Before that a mixture of people elected and appointed by the federal government provided governance. Executive powers still lay with the commissioner, assisted by a deputy and an assistant commissioner.
With the appointment of John Parker in 1979, the move began away from an executive commissioner toward a more ceremonial role as lieutenant governor. I will get back to that point, because it is a point I want to bring up in this speech.
In the late eighties, health services, administration of justice and the management of forestry were devolved to the Government of the Northwest Territories, which has handled all of those as well as can be and deserves great praise for providing services to people across a vast territory with limited resources.
We have taken on education, social services, highways, airport administration and a number of the roles that would be classified as provincial. That was never satisfactory to the north, as after the nineties when we had constitutional development conferences in the north, where we talked about our future and what direction we would take, I think we all felt that we wanted to be a unique place in Canada.
We wanted full respect for aboriginal governments. We wanted partnerships between aboriginal governments and public governments so that we would have a territory that would truly represent the people, the history and the real claim that first nations have to the land and resources of the north. That is a dream that is still held by most northerners.
There were devolution efforts in the early part of 2000, with the Liberals. The deal was virtually the same as this. Perhaps they were offering a little better money, at the time, and I think a little more control over development. That deal was actually rejected by the parties, in the end, because there was not a common agreement.
I think one of the great accomplishments of Premier McLeod, with the devolution file, has been to bring many of the first nations on board. Premier McLeod himself is of aboriginal descent and has a great deal of respect among first nation peoples—among all of us in the north—for his strength and his fairness. I think that is something that has helped the devolution file tremendously.
The MVRMA part of the bill, however, would implement the Conservative desire to move forward with more rapid resource development in the Northwest Territories. That is what we see here. That is the purpose of this. This is the great trade-off that has been made with this bill—the trade-off that we all have been put under.
When I got a comprehensive audit of people's attitudes toward changes in the MVRMA done by outside consultants a year and a half ago, it was pretty clear that most people in the Northwest Territories were not thinking that the regulatory system needed more than some very straightforward tweaking.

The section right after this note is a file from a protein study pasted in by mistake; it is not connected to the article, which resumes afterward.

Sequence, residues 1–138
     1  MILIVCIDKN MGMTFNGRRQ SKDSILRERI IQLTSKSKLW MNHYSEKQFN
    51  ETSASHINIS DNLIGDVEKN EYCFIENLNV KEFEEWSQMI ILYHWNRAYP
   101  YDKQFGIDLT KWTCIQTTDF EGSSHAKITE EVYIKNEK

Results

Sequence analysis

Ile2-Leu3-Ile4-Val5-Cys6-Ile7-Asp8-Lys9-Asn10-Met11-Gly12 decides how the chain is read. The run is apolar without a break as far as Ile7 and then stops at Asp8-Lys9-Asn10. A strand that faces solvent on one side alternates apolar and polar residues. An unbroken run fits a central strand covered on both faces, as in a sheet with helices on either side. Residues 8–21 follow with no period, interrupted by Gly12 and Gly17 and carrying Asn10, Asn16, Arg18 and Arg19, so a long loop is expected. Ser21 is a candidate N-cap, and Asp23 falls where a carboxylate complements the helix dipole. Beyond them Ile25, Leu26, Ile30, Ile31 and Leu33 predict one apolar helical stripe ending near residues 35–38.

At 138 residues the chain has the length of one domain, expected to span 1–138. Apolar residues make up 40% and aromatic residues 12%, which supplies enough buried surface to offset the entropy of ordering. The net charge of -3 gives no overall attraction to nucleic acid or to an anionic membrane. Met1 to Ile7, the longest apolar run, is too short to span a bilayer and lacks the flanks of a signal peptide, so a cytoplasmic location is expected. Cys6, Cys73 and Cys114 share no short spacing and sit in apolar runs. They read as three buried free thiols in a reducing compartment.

One thing we all did agree with was that the land use plans, which are part of the MVRMA, needed to be completed, including McCrank. Everybody agreed with that. The current government has not moved very fast to make that happen, which was one of the biggest problems we had in the regulatory system.
For more than 20 years, the aboriginal people in the Northwest Territories have hung their hat on having some say and control over the resource development process on lands and waters. They have tied this to the MVRMA with their duly developed land claims agreements with the Gwich'in, the Sahtu and the Tlicho governments.
These people have agreed to regional boards. They have supported regional boards. Yes, there are provisions that perhaps one single board could be made, but what we have found in the Northwest Territories is that regional boards actually provide a useful and necessary function within the Northwest Territories to, clearly, provide that vision that we talked about earlier, the vision of a territory that had balance between aboriginal and non-aboriginal governments.
What we would see with this bill is that particular structure would changed to a single board. It might be possible to change it back later. That is very much a question that is up in the air now.
However, certainly, an NDP government would go back to take a look at this. We would go back to see whether this was appropriate for the development of the Northwest Territories according to how the people see their development taking place.
The MVRMA remains a federal legislation, but it is an essential part of how the balance of the Northwest Territories is developing.
Let us talk about the changes to the NWT Act for devolution. The question here is whether we are moving to more province-like powers. Yes, in the administration of environment and the administration of land, we are. In the enforcement of those provisions, yes, we are. Those are things that are valuable. I thank all of those involved in pushing those forward for the people of the Northwest Territories.
However, there are other things that trouble us in the bill, where we look for amendments, perhaps.